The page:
Strength of Chinese, Russian warships poses a challenge to US
US navy will be tasked with challenges posed by both Russia and China's navy in the near future.
China's People's Liberation Army Navy (PLA Navy) already numbers 355 ships of war, making it the world's largest in terms of brute numbers of hulls. And these figures are only trending upward. The PLA may deploy as many as 460 ships by 2030, judging from the latest estimates., according to Hill.
Meanwhile, the US Navy trails behind China's navy with just 295 hulls displacing water. And while the uniformed navy leadership envisions building up to a fleet numbering between 398 and 512 vessels, a hefty share of those totals between 77 and 140 hulls will be made up of unmanned surface and subsurface craft.
Moreover, the PLA Navy remains mostly concentrated in China's environs while US Navy scatters task forces about the globe performing sundry errands as a part of it's maritime strategy.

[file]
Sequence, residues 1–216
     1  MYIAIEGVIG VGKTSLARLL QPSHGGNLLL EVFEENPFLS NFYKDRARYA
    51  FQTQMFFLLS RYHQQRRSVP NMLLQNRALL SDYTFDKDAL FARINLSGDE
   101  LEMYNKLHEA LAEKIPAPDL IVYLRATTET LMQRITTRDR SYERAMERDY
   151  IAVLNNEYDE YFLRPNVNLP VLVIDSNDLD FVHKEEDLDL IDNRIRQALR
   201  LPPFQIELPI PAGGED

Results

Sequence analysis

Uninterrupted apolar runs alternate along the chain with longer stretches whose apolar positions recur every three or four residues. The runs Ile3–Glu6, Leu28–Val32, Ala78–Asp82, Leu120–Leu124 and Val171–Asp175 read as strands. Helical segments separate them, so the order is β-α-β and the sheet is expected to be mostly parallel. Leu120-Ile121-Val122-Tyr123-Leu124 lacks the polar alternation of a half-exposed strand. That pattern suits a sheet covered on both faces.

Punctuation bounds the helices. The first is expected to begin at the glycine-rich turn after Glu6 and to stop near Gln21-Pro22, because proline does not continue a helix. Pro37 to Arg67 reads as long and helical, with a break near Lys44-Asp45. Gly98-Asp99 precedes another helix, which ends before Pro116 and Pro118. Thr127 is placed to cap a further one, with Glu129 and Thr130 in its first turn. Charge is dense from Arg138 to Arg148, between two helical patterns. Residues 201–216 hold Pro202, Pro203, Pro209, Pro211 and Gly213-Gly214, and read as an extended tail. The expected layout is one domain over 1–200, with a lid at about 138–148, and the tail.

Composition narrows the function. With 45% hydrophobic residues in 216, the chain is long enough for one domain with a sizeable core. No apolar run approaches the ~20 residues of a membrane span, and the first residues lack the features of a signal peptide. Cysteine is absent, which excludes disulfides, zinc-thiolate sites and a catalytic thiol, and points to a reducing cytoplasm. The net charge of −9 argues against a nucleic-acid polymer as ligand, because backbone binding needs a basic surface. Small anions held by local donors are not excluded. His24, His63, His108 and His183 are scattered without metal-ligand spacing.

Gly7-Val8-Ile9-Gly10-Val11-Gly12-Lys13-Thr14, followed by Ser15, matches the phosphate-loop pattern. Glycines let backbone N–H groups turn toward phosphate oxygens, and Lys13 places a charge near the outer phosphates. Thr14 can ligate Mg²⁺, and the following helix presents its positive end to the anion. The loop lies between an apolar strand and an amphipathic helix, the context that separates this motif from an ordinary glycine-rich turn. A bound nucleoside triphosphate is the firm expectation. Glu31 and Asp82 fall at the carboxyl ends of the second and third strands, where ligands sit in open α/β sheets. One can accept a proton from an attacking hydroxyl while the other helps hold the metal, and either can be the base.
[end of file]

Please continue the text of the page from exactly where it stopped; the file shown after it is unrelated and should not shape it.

Only a fraction of American sea power calls the Western Pacific home. Worse still, sea power is no longer all about navies. The PLA Air Force and Rocket Force operate land-based aircraft and missiles galore to back up the firepower of the Chinese fleet riding the main, according to Hill.
Further, the question arises on the role of US Navy in event of a Russo-Ukraine war as the Naval access to the Black Sea would limit the firepower an American task force could bring to bear in Ukraine's defense.
On the other hand, In the Taiwan Strait in short, the combined might of a larger navy backed up by shore-based air and missile forces would collide with a fraction of a smaller navy. The outcome of a cross-strait war could turn on whether the larger U.S. Pacific Fleet could rush reinforcements to the Western Pacific in time to reverse aggression., according to the Hill.
Meanwhile, China has designed its military strategy precisely to prevent that from happening. Its multilayered "access denial" defenses can commence lashing out at the Pacific Fleet over 2,000 nautical miles from Asian shorelines.
So it's unclear, judging from raw numbers, whether the U.S. Navy has sufficient mass to prevail in the Taiwan Strait and the Black Sea, according to the Hill.